Some games are played for fun, some are played for power, but this game is played for ultimate stakes. In the underground world of ultimate poker, only one person walks out a winner, but win or lose, sometimes winning just isn't enough.
Shade is set in the world of poker hustlers working the clubs and martini bars of Los Angeles. The tale unfolds as a group of hustlers encounter "The Dean" and pull off a successful sting ... See full summary »
Carl Mazzocone Sr.,
The scene where DJ (Joe La Due) bluffs his opponent, Mario, off of pocket Kings, while holding 7-2 off-suit, is based upon an actual hand that occurred between Jack "Treetop" Straus and an unknown opponent. The story goes, that while playing in a high stakes cash game, Straus had won several pots in row and decided that he would play the "rush" and raise the next hand regardless of what his cards were. When he looked down at his hole cards, he found that he'd been dealt 7-2 off-suit, the worst starting hand in Texas Hold'em. But he decided to raise anyway, he was called by a single opponent, and the flop read; 7 3 3. Straus bet and his opponent re-raised, indicating an over-pair to the board. Straus decided to call, in the hopes that he could perhaps bluff his opponent off of his hand on the turn or river. The turn brought a 2. It was no help to Straus though, as he could only play his two pair sevens and threes. The deuce didn't play. And it also meant that if his opponent did in fact have an over-pair, such as Kings or Queens, that Straus was way behind. Straus decided to bet again on the turn anyway, which made his opponent seriously consider whether to call or fold. Straus knew that if he were called, his chances of outdrawing his opponent were very slim, with only one card to go. After several minutes, Straus offered a proposition to his opponent, for $25 his opponent could choose either one of Straus' hole cards and Straus would show it to him. After more consideration, the opponent finally decided to take the deal, he tossed Straus $25 and chose a card, it turned out to be the deuce. Straus' opponent deduced that since he showed him one card, the other must be of the same value and so, he naturally assumed that Straus must have had pocket deuces, giving him a full house, deuces full of threes. It was considered one the most celebrated bluffs in all of poker history. See more »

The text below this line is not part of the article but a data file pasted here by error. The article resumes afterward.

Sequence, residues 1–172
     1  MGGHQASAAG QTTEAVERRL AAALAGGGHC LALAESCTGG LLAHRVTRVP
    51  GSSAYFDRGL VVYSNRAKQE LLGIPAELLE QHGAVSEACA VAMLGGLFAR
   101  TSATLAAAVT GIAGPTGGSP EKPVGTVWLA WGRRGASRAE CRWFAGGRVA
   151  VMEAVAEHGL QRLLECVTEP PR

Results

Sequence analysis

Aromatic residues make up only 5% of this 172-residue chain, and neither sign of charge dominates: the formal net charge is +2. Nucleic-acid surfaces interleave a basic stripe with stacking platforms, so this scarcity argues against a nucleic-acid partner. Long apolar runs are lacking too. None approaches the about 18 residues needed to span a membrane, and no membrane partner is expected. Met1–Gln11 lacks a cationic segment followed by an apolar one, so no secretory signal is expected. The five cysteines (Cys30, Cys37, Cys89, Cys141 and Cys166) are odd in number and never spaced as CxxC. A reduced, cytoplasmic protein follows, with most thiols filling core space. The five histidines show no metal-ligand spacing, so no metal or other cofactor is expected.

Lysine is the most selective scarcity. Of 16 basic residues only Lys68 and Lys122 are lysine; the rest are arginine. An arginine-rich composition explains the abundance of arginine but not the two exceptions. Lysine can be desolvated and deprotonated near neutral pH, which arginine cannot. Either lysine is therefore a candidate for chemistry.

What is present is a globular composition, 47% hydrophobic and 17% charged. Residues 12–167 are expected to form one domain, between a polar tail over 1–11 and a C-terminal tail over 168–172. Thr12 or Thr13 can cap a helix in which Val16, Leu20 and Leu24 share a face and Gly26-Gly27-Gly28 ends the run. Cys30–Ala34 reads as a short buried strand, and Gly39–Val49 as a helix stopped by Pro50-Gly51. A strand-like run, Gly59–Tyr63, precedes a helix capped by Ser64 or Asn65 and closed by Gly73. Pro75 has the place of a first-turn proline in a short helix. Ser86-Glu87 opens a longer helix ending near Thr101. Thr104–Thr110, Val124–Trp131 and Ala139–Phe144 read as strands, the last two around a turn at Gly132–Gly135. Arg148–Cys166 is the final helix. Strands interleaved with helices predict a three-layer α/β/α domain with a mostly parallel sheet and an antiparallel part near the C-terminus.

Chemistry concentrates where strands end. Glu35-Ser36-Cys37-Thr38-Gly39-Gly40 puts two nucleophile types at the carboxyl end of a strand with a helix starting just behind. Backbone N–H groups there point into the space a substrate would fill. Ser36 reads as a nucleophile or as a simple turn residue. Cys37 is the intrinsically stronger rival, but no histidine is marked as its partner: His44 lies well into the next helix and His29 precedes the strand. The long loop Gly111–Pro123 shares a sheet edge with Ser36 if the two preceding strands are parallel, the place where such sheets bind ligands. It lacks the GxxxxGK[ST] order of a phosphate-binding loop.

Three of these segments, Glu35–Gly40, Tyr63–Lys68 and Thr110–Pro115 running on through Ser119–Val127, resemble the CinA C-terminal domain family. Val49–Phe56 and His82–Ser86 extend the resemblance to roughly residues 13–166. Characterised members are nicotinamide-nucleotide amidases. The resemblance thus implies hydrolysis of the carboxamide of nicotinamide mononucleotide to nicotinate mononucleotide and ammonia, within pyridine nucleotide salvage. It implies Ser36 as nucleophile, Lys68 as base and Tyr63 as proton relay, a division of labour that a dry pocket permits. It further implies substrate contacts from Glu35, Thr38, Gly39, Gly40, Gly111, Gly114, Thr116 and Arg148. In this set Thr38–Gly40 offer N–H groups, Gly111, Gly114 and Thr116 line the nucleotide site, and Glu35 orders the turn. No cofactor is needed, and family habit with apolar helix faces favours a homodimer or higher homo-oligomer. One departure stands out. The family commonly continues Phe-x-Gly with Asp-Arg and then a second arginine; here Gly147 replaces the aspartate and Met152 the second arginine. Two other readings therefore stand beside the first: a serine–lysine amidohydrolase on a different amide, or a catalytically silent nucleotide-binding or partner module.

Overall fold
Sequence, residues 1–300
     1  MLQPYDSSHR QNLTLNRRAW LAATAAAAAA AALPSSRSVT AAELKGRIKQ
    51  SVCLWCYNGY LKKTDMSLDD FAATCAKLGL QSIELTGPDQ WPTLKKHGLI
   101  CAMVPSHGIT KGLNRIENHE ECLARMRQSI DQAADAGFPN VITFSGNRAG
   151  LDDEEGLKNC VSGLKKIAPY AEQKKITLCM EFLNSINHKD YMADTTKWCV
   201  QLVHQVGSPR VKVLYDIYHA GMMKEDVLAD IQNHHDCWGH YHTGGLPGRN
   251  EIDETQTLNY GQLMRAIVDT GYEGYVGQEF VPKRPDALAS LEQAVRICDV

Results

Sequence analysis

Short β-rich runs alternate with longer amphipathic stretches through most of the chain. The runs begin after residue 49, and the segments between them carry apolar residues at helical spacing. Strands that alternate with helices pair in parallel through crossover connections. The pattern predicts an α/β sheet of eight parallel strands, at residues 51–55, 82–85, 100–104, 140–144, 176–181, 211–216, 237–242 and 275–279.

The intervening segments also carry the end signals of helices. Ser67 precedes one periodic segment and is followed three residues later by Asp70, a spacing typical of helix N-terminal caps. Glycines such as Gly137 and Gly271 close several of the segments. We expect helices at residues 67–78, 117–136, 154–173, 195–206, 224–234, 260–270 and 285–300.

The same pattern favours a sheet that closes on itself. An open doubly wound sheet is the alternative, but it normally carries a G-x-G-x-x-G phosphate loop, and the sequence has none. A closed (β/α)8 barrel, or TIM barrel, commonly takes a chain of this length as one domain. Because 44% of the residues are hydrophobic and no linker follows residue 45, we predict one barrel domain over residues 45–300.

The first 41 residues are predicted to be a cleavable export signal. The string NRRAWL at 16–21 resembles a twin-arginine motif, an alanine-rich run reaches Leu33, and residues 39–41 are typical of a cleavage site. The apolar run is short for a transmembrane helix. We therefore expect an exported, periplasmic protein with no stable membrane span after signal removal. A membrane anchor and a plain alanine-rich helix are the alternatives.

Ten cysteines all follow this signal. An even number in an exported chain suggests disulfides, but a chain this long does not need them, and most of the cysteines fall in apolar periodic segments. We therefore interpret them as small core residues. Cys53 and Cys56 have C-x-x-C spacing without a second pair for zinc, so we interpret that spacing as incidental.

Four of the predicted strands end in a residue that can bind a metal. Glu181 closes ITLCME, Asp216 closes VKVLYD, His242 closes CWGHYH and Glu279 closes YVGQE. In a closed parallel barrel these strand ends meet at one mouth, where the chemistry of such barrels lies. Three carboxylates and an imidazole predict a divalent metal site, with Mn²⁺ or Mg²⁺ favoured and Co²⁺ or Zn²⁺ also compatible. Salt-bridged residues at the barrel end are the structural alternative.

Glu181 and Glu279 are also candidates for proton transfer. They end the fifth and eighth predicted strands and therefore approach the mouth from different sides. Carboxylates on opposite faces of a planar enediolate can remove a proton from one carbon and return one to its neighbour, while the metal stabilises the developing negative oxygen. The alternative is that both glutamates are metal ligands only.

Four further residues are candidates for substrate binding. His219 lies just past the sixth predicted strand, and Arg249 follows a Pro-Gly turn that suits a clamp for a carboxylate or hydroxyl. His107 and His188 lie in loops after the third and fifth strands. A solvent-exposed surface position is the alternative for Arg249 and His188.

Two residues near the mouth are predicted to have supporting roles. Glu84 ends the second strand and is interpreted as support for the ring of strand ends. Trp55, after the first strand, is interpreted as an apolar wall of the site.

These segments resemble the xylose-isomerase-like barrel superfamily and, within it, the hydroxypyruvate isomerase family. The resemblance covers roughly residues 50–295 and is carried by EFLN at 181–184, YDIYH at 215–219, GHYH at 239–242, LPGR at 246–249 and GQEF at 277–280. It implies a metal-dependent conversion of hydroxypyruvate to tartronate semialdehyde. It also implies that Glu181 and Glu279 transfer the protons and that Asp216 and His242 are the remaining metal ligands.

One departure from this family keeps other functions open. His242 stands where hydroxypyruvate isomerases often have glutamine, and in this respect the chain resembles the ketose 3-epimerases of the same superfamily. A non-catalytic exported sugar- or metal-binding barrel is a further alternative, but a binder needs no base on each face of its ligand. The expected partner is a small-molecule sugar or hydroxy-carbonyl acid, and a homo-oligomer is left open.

When Stuey first walks into a casino when he arrives in Las Vegas, the scene is supposed to take place in 1973. However the video slots on the other side of the glass doors he enters weren't invented until a couple decades after. See more »
Welcome back, everybody, to the 1997 World Series of Poker, where Stu "The Kid" Ungar is attempting to make one of the greatest comebacks in poker history, by winning the no-limit Texas Hold'em Championship a record third time.
Andrew N.S. Glazer:
And Al, the amazing thing about this is, that Stuey would be achieving that feat after sixteen years of personal struggle, where victories were really few and far between.
And standing between Stuey and history is John Stremp, a local casino executive who's ...
[...] See more »
BADA 2 DA BONA
Performed by Badabing Badaboom
Composed by Robert Dellaposta
Published by My Three Kids Music (BMI) See more »
How does this movie suck? As a fan of Michael Imperioli's work on The Sopranos I picked this up at Blockbuster based on his name and a story that sounded like it had promise. It still does, but this movie doesn't fulfill it.
Every turn of the story is entirely predictable; I kept looking for the Lifetime bug on the bottom right corner of the screen. It's all there: the noble woman coming out of hard times, the guy failing to live up to his potential despite her best efforts, the kid who gets stuck in the middle, etc., etc., etc. The mysterious stranger's identity is what really made me want to throw stuff at the TV -- I would have been more satisfied with little Stuey waking up and realizing it was all a dream.
The filmmakers may as well have had a "The moral of the story is..." bit before the credits, since as another reviewer pointed out this thing really does roll like an afterschool special. Don't gamble, don't drink, don't do drugs, stay with your wife, spend time with your kids...come on, how about a little nuance? How about some interesting bad guys? Writer/director A.W. Vidmer should be singled out for special notice: not only is the dialogue leaden, the pacing (within dialogue and at either end of many scenes) makes this movie at least 45 minutes longer than it needs to be (and believe me, it feels like longer). The talents of Imperioli, Renee Faia and some of the supporting cast (Steve Schirripa, natch) are the only things that keep this from a "1" rating. All of their good work is nearly offset, though, by the atrocious job of portraying the boy Stuey. Not sure if it was a casting mistake (hey -- it's a mob movie, so let's cast someone from Blue's Clues who can't do anything but over-overact with a big fake grin...next let's cast the sullen, brooding kid in the Disney flick) or just awful directing but those scenes are really painful to watch.
I'd be interested in another filmmaker's take on this character and his story; it's a shame Imperioli has already been used up by this flick. Awful, awful, awful.
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